Doomsday overall total = 67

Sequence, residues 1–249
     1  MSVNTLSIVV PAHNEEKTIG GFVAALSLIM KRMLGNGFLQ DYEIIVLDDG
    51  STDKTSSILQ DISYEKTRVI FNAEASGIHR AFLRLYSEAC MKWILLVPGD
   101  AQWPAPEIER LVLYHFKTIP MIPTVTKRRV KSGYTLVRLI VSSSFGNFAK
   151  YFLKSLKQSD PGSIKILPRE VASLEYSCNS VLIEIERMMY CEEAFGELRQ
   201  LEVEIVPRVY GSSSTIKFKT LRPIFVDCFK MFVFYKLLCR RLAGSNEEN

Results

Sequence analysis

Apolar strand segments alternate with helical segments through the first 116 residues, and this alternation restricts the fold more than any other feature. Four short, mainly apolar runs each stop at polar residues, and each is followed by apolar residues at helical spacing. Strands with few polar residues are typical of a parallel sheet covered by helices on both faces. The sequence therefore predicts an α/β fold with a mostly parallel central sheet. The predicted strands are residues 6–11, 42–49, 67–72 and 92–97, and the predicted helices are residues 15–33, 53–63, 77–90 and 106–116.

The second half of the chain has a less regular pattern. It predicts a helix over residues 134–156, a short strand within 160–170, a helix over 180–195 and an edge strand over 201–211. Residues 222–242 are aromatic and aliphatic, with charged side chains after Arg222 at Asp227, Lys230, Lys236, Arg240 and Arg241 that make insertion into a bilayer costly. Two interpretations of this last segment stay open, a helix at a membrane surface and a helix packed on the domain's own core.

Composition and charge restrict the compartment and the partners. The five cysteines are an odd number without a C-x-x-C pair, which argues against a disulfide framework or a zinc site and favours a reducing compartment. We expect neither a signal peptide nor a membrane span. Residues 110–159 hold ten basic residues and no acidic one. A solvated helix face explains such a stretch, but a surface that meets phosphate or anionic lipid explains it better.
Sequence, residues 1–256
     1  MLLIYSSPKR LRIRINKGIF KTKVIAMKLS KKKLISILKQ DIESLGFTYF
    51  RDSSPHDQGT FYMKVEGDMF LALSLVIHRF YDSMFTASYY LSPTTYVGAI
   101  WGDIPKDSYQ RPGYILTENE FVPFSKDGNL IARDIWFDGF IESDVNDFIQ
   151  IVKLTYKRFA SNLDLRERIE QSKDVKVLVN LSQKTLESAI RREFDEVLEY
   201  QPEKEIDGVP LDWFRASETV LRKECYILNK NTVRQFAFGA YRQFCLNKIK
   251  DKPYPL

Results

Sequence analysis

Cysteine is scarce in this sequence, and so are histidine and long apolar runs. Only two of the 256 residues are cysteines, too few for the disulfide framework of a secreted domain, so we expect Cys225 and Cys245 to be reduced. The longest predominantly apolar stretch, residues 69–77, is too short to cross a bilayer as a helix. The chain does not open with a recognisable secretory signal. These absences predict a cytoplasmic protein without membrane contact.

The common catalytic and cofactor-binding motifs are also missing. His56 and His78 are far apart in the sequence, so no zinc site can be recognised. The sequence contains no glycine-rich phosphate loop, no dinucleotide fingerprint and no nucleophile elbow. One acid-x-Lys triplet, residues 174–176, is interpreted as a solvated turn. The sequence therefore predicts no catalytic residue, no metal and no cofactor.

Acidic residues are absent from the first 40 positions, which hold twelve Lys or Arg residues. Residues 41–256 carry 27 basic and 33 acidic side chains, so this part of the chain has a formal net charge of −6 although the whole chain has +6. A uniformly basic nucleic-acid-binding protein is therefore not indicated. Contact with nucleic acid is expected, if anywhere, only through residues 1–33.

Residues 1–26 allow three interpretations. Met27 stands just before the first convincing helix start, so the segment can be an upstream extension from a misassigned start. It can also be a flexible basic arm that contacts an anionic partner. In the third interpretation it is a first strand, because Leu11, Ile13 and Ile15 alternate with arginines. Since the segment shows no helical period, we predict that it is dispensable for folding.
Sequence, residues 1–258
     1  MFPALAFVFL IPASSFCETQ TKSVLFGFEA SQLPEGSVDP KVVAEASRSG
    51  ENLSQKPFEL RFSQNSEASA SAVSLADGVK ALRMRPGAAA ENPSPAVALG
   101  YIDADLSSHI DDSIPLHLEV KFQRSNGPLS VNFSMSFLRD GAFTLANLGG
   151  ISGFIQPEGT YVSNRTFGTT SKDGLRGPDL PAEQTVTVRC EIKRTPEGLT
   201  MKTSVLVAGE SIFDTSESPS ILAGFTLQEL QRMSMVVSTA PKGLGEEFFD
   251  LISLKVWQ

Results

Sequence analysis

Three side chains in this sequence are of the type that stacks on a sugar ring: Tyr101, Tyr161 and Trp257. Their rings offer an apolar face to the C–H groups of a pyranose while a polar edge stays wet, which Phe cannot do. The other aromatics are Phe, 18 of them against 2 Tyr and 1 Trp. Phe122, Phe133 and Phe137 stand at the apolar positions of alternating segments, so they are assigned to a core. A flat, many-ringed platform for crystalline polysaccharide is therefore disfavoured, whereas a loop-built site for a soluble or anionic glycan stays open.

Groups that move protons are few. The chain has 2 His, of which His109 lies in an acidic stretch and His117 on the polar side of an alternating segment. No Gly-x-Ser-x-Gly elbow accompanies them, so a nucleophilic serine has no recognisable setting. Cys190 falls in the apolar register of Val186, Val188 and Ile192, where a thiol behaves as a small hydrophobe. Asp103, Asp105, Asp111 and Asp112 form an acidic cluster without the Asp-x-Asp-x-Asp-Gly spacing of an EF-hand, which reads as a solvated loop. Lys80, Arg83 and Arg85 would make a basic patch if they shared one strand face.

Doomsday was just the tonic for my frail psyche, replacing images of the horror of post-apocalyptic desolation with images of the fun of post-apocalyptic desolation. Where Babylon A.D. almost totally failed to grab the attention of the audience, Doomsday screams in your face, pulls your hair, spits in your drink, and then runs away. Naked. Many thanks to everyone involved for dispelling my funk with crazy violence. Hopefully memories of its anarchic exuberance will keep me going through John Hillcoat's adaptation of The Road, which will probably trigger seismic emotional turmoil in me. I don't expect to be seeing anything as peculiar as Malcolm McDowell playing a scientist turned feudal lord in that bleak endurance test. Just ash. Lots and lots of ash. And death. Ash-coated death. ::shudders::